Tuesday, September 21, 2010

Hacking the WRT54G(L) Serial Port

or "How to Get Your Router to Talk to Your Arduino"

Two weeks ago was another De Anza electronics swap meet, so my father and I went for a day of digging through boxes of junk trying to find something actually worth money.  I hit the jackpot with a WRT54Gv2, which was before LinkSys switched that line over to VxWorks and started the WRT54GL line to continue the Linux-based line.

As the saying goes - If it's electronic, we can hack it.  If it runs Linux, it's really easy.

The WRT54 motherboard breaks out two 115k 3.3V serial ports.  A classic first hack is to solder on headers, and install a daughter board with a RS232 driver, and a DB-9 port on the outside of the case.  I'm thinking about eventually doing this, but for my first experiment, I kept the serial port at TTL levels and fed it into my Arduino to print on an HD44780 LCD screen.

Video:
 
 Errata: I'm talking about volts at the end.  The Arduino runs at 5 [volts].
Note that the Arduino board is just there as a convenient 5V power supply for the ATMega on the breadboard (which is running Arduino software, and is therefore still technically an Arduino-based platform).

The WRT54G runs at 3.3V, which means its serial port runs at the same.  Ideally, I would have the AVR running at 3V as well, but none of my LCD screens would run at 3V, so I VERY CAREFULLY kept the two systems at different voltages.  Since I am only passing information from the WRT54G to the Arduino, the difference between a 3V high and a 5V high signal is insignificant.  Going the other direction would require a voltage divider at the very least to keep the 5V from the AVR from doing very unfriendly things to the WRT mobo.

Specs:
WRT54Gv2 running Tomato 1.28
The serial port 0-out is JP1-pin 4 and runs at (115200, 8, N, 1)
I used pin 10 on the same jumper as a ground reference
The serial ports are /dev/tts/0 and /dev/tts/1, and can be treated just like every other file in *nix.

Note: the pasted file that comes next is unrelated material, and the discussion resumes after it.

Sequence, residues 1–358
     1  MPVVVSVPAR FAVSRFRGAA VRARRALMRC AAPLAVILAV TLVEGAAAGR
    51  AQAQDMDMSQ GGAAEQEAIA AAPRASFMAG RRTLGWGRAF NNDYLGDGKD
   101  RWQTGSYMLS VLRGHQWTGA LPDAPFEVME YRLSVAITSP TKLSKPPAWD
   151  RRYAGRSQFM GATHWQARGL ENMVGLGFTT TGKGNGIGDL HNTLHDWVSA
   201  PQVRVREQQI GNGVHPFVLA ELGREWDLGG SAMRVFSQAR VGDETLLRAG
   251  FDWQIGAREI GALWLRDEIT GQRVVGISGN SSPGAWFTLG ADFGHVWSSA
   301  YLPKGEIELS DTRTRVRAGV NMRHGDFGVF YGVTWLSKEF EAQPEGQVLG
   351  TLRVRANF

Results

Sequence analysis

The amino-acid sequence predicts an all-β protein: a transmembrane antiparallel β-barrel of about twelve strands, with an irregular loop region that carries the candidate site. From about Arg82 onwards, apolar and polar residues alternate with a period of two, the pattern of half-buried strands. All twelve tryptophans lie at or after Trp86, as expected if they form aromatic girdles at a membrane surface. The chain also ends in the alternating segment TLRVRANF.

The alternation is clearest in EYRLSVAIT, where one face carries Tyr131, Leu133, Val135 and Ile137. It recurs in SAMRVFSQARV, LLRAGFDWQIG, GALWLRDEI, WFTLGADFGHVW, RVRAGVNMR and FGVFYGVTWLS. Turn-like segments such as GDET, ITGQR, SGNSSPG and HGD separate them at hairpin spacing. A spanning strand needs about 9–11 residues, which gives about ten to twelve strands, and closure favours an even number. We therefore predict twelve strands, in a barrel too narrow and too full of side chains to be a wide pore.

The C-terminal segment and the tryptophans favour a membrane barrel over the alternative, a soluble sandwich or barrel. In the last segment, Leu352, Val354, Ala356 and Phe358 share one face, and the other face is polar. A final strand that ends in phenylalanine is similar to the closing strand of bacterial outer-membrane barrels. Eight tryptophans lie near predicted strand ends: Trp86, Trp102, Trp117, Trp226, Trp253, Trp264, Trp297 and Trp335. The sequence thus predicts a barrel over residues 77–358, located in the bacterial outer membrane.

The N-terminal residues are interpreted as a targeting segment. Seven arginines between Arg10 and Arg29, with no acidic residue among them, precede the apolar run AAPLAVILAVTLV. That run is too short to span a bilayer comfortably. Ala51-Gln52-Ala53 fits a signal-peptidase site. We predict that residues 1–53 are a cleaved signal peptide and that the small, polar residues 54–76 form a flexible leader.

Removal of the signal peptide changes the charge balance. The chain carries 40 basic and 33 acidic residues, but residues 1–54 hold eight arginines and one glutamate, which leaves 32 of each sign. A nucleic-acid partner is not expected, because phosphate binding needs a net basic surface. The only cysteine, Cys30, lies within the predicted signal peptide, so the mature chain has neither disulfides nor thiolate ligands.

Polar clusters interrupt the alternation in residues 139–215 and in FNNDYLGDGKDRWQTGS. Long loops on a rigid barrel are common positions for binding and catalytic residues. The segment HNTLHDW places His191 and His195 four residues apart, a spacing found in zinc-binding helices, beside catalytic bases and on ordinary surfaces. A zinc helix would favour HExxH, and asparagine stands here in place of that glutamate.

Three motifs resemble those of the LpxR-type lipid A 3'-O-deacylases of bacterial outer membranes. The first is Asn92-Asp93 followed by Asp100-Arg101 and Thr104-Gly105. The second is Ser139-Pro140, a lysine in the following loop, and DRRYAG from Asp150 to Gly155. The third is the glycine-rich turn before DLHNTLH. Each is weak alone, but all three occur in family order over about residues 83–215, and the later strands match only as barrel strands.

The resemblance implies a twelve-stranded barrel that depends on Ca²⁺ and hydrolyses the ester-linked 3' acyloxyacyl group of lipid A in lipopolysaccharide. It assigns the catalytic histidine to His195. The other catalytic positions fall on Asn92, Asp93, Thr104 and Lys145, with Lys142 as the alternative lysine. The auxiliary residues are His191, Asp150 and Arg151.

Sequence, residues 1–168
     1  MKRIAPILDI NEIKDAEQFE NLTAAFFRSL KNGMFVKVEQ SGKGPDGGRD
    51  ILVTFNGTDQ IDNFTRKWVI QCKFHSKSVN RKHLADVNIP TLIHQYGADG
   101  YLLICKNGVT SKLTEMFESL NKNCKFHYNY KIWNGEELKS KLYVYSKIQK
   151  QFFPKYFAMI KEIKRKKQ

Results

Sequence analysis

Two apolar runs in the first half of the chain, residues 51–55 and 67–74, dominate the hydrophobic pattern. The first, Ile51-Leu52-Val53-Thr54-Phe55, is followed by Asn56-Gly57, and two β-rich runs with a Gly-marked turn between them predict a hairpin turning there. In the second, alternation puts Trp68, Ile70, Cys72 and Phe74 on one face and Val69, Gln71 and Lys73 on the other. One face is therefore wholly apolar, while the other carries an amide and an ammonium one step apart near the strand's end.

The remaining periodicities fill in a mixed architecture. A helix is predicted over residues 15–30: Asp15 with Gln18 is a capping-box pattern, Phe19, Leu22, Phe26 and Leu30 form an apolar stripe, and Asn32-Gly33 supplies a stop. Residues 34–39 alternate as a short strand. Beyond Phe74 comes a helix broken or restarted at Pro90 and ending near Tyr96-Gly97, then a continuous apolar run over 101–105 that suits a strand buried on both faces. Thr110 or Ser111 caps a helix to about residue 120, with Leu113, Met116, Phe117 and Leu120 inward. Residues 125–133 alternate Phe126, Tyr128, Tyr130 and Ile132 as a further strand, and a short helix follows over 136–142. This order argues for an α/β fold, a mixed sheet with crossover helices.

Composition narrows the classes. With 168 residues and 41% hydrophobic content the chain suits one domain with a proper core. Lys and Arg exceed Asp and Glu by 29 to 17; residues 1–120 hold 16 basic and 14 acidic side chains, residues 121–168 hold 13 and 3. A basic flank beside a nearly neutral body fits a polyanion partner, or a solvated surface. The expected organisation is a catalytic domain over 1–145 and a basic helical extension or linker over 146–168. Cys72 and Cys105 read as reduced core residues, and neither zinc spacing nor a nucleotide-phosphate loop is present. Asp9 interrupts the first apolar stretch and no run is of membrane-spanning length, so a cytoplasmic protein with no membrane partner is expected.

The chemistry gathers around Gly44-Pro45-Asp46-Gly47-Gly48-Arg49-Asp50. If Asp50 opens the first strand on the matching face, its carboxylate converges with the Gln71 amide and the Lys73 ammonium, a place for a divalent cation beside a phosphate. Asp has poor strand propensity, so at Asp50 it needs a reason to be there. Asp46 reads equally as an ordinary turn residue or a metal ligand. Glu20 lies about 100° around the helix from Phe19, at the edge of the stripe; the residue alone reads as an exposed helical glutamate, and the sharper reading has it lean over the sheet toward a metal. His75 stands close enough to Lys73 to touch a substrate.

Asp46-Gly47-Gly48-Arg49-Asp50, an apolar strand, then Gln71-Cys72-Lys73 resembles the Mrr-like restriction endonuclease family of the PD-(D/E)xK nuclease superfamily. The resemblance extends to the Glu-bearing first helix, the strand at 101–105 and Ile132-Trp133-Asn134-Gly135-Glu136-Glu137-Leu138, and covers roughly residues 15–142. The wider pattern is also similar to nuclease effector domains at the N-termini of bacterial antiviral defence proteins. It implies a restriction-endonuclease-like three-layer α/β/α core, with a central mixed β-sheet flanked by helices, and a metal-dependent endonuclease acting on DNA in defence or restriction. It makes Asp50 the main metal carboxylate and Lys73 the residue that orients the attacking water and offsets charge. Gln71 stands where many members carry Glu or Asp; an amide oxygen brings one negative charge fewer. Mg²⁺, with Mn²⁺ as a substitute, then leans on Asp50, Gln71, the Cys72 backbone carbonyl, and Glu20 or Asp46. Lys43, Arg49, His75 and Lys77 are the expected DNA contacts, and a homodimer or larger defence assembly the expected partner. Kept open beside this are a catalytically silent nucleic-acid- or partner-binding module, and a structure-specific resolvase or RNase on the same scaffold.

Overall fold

The demo command I demonstrated in the video was:
# echo "This is a test message" > /dev/tts/0
Source code running on Arduino.

20 comments:

  1. This is very timely - I've been building a Arduino-based controller for my remote ham station (turn the radio on/off, kill power if transmitter gets stuck on transmit, switch antennas, etc.) I could run this by sending serial commands from the computer in the remote hamshack, but that requires the PC to be working. My remote hamshack's internet router is a WRT-54Gv2 running DD-WRT. I went looking for info on how to hack a serial port on it to talk to the arduino, and Jackpot! Thanks for the ideas.

    ReplyDelete
  2. Perfect. With the brcm cross-compiler, you could also make a nicer interface than SSHing into the router and echoing things to the serial port, writing it in C or otherwise. Do note that the 0 serial port prints debug info during boot, so I would use the 1 port first for other projects.

    ReplyDelete
  3. Awesome demo. I'm doing the exact same thing to control 7 servos, a bunch of sensors, ip cam and motors in a robot with a logitech game pad. This might help you out with the 3.3 to 5V conversion.
    http://store.curiousinventor.com/spk-wrt/spk-wrt-serial-port-kit-for-wrt54g-router.html

    ReplyDelete
  4. @James: That kit is for converting to RS-232, which I already have the parts for, but that doesn't do me any good for 0,5V (RS-232 is -12,12V). All it'll really take is a divider network on the input to the router.

    ReplyDelete
  5. Ken:
    You've just landed a big one with that one. Nice job. I imagine you've read the pages our friend Mr. Whitby over in Oz has written on how to do that? Of course you have. But to get yours to talk to an Arduino, that's sweet. Now if you could get the two to do something, that would be worth diamonds.

    ReplyDelete
  6. @Gregg: Whitby definitely got me off the ground for this one. I like said in the post, I'm thinking about following his tutorial in the future if a specific need for it arises.

    ReplyDelete
  7. Here we are just about six months later and again an idea surfaces:
    Can your Arduino code be used for other things besides communicating with your WRT54GL?

    Granted that's the obvious one, but my router sadly isn't that guy, and I'm not ready for one here like it........

    ReplyDelete
  8. Pardon me, eighteen months later. Dratted time travel, gets me out of synch with modern local methods of keeping time.

    ReplyDelete